Assessment affects people's lives. (Boud and Falchikov, 2007)
the effects of bad [assessment] practice are far more potent than they are for any aspect of teaching. Students can, with difficulty, escape from the effects of poor teaching, they cannot (by definition if they want to graduate) escape the effects of poor assessment. (Boud, 1995 cited in Boud, 1998, 1)
Assessment is a central element in curriculum design: it is the critical link between learning outcomes, content and learning and teaching activities. Students cannot avoid assessment activities and their impact if they want to pass a topic or course. Assessment not only gauges what students have learned, it shapes how many students approach learning. Often assessment is the first thing to be considered by many students in planning their engagement with a topic.
Assessment can serve both summative and formative purposes, that is, making judgements about student learning for certification/communication purposes and helping to prompt and promote further learning.
Flinders University Assessment Policy and Procedures provide useful guiding principles to help shape thinking and decisions about assessment:
- Assessment should be used for educative purposes; there should be communication about assessed work between staff and students.
- Assessment should be interpreted in the widest possible context, embracing such areas as determining initial competencies, providing feedback to students on their progress, improving instructions and awarding of grades.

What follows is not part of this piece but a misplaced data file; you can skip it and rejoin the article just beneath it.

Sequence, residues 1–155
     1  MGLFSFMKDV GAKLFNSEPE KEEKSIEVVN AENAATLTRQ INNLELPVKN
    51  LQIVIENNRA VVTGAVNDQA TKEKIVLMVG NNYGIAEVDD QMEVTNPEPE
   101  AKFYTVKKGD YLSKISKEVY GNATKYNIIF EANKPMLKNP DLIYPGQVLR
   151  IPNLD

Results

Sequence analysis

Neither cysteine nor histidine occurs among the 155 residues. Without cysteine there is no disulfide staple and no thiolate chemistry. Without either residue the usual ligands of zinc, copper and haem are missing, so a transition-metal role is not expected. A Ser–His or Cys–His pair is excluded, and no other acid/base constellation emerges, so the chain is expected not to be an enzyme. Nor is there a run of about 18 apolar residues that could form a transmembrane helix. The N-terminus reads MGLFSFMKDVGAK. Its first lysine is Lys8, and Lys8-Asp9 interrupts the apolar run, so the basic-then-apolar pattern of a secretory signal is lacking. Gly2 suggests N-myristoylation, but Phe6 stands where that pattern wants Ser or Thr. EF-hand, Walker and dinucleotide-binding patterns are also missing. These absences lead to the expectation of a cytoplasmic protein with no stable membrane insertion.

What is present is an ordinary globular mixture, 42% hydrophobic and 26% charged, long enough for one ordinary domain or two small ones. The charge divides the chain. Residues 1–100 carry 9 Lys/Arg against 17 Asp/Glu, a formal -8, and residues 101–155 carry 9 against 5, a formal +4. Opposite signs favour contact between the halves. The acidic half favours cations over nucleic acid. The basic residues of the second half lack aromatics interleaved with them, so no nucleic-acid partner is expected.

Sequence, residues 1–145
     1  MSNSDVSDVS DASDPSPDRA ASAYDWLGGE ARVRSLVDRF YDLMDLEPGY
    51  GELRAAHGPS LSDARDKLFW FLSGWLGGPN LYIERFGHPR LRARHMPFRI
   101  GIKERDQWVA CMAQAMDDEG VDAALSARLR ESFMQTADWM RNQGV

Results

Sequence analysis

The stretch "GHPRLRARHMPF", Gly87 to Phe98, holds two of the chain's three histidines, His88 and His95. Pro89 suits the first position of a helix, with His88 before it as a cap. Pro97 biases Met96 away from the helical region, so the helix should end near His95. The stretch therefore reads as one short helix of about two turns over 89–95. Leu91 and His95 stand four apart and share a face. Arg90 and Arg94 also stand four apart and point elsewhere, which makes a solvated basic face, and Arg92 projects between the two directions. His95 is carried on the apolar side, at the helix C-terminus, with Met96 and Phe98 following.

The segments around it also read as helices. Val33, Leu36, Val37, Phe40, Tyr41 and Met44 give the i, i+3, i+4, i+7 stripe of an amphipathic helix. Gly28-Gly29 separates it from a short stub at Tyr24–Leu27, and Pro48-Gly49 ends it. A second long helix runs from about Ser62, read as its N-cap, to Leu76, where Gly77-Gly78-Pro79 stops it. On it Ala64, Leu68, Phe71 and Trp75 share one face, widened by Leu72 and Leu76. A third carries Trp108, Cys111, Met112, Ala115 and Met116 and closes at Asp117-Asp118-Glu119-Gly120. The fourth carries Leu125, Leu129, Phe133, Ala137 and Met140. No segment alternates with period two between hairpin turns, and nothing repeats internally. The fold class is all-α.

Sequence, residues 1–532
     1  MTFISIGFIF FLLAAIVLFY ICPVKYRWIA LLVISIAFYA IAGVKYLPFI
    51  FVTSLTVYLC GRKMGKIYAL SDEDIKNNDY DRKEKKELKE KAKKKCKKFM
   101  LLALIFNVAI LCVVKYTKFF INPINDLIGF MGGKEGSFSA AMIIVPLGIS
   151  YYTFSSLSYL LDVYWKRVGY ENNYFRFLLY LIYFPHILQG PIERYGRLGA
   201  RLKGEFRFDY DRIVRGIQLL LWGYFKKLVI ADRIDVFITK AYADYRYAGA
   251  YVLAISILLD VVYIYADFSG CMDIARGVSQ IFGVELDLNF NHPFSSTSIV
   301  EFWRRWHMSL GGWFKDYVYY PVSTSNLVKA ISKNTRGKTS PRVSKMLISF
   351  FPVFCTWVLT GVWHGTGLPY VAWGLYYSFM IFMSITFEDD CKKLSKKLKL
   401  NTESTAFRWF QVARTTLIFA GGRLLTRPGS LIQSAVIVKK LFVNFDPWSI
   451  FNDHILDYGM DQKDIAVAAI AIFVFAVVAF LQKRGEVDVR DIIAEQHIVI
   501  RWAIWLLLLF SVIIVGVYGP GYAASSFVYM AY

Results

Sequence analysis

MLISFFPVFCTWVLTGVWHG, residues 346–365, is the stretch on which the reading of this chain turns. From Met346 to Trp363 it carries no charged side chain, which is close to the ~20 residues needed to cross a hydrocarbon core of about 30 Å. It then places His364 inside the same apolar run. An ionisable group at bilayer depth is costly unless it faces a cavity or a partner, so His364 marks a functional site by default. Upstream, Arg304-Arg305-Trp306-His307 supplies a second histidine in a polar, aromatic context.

- Assessment should be part of a process which encourages the development of critical and creative abilities.
- Assessment methods should be selected which are appropriate to the [learning outcomes] of the topic, and the reliability of each method should be considered.
- The full range of assessment methods should be considered and, where appropriate, these may include a component based on pieces of work of a substantial nature, such as a thesis, research project, report, research essay, film, tape, etc.
- Consideration should be given to permitting students to choose from optional forms of assessment, provided the alternative forms are consistent with the topic aims and are practically and administratively reasonable.
- The total effort required of students in assessable activities should be commensurate with the unit weighting of the topic. The amount of effort required for each activity should be commensurate with the proportion of marks allocated to that activity (this is not intended, however, to preclude competency testing for which, in some instances, there may be no marks awarded).